Heat shooting guard Mike Miller made 7-of-8 3-pointers on Thursday night in a 121-106 victory that lifted the Heat to a second NBA title. (Photos by The Associated Press)

Mike Miller denied rumors before the start of the NBA Finals that he’d retire after this season.

Well, is there a better game to go out on?

Battered but filled with adrenaline, Miller made it rain on the Thunder by splashing seven 3-pointers in the Heat’s title-clinching Game 5 victory on Thursday night.

Time and time again, the former Gator took cuts at any slim chance Oklahoma City had of becoming the first team to rally from 3-1 in the NBA Finals. Four came in the first half, one in the third, two in the fourth, and all of them hit the heart.

Miller hit 7-of-8 from downtown, just one shy of Ray Allen’s single-game record in the NBA Finals, and followed up Shane Battier and Mario Chalmers as a key perimeter threat for the rim-seeking Heat.

Grimacing and hobbling, the player who’s suffered through wrist, thumb, ankle and back injuries the last two years was the one being called over for an interview during halftime. One could’ve assumed ESPN’s Doris Burke was going to ask Miller if he needed a chiropractor, but she asked him how the team was getting so many open looks from deep.

A hunched Miller smirked and stated the inescapable fact facing the Thunder: “Well, they gotta double LeBron, and they gotta double D-Wade and CB as well, so when you get the opportunities, you gotta let it fly. Enjoy the moment.”

The Thunder weren’t wrong for doing that and daring Miami’s outside shooters to beat them. But it resulted in the Heat tying the NBA Finals record for most 3-pointers in a game with 14. Miller made half of those and was mostly responsible for Miami’s ever-inflating lead, forcing commentator Mike Breen outside his usual “Bang!” with every one that dropped.

Miller, who finished with 23 points in 23 minutes of play with 5 rebounds and 0 turnovers, showed the skills that made the Heat offense look exactly how it was first imagined when the Big Three came together. The oft-criticized trio of stars admitted that they all assumed it would be easier to win a championship. Miller’s talents were among the reasons why they felt that way. Miller’s 48 percent shooting from beyond the arc the year before in 2009 made him an ideal asset to the team. As was his exceptional five career rebounds per game as a shooting guard, which gave him the ability to initiate fast breaks. That’s why the Heat signed Miller to a 5-year, $29M deal just days after forming their nucleus.

But that was before the injury bug hit.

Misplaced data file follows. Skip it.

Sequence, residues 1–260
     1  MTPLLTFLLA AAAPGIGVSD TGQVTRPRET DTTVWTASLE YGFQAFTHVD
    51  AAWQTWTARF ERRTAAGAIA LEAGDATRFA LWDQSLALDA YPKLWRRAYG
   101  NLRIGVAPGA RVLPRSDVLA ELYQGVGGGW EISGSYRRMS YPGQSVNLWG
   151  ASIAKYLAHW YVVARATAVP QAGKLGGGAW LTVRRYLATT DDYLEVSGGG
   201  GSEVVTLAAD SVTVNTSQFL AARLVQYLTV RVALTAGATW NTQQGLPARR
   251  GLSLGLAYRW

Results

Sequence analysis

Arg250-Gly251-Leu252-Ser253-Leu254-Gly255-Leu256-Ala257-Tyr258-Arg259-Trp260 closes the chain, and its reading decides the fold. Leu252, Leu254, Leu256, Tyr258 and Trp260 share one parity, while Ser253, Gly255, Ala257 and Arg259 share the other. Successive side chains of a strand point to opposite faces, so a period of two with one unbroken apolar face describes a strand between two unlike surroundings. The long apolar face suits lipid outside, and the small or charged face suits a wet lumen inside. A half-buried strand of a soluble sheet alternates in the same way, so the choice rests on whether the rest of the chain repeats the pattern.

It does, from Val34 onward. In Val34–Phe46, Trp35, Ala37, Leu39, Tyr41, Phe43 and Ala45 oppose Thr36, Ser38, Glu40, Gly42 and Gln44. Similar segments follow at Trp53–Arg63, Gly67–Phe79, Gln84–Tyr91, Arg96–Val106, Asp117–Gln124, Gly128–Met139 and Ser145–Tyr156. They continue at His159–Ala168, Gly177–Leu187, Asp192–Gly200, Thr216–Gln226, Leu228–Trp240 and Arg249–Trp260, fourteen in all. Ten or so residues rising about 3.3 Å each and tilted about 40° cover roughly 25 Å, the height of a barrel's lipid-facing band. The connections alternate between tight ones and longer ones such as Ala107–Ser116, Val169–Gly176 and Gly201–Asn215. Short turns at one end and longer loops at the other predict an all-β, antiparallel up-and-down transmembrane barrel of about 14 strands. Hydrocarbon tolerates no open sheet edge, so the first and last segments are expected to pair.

Miami power forward Juwan Howard pulls Mike Miller from the floor during the second half of Game 5 on Thursday night.

Miller was sidelined for 37 games because of injuries in 2010-2011. He missed 29 with a right thumb injury, three with an ear issue, three with a bruised left knee, one with a sprained ankle and one with a right eye contusion. After last season’s NBA Finals, Miller underwent surgery on his right shoulder. A sports hernia surgery sidelined him for 12 games at the start of this season, and Miller missed 14 games late in the season with a sprained ankle.

It’s expected that the 32-year veteran, who just finished his 12th season in the NBA, will have to get two surgeries this offseason.

Miami coach Erik Spoelstra only thought Miller could go three or four minutes in Game 5.

“I’m just glad they didn’t take me out back to the barn and put me down,” Miller told The Daily Republic in South Dakota, his hometown.

The setbacks never gave Miller a chance to consistently make the impact the franchise expected him to make from 3-point range, and he became an afterthought at times in the Heat rotation. Entering Game 5, Miller hadn’t even made a 3. In fact, he had only attempted three of them all series before his fashionably late appearance to the party he helped start in Miami. And it might as well have been a costume party because he came dressed as the grim reaper.

“They just hit 3s after 3s. They got it going and we couldn’t stop them,” Thunder center Kendrick Perkins said. “Things just didn’t go our way.”

The final 3-pointer of Miller’s barrage was the second of back-to-back daggers that came within the first minute of the 4th quarter, and epitomized just how hot he was. Wade had the ball at the top of the key, then passed the ball to Miller. On the way, the ball whizzed by Wade’s good friend James, who went to grab it but dodged it at the last second once he realized who the ball was really going to. Miller snatched it, squared up with perfect form and knocked it down.

That won’t be the last 3-pointer he takes. At least that’s what Miller indicated before. Now it seems his big game and slew of injuries are making him reconsider.

“I’ve got to make sure it’s the best [decision]. If it is, I couldn’t picture a better way to go out on top as a champion like this, but we will see,” Miller said during a post-game broadcast interview. “I’ll visit the doctors and see what parts work and don’t, and go from there.”

An NBA title, a great clinching performance and being “blindsided” in a champagne celebration helps the pain for now. Fellow teammate and Gator Udonis Haslem, one of only two remaining members from the Heat’s first title in 2006, was glad to share another one with Miller. Haslem and Miller came just short of winning an NCAA title together in 2000.

“I’m happy. That’s my brother,” Haslem said in an interview with the South Florida Sun-Sentinel. “He’s my brother from another mother. I’m just happy he came out. We’ve had different guys step up at different times. It was Mike Miller’s night, and he was ready.”

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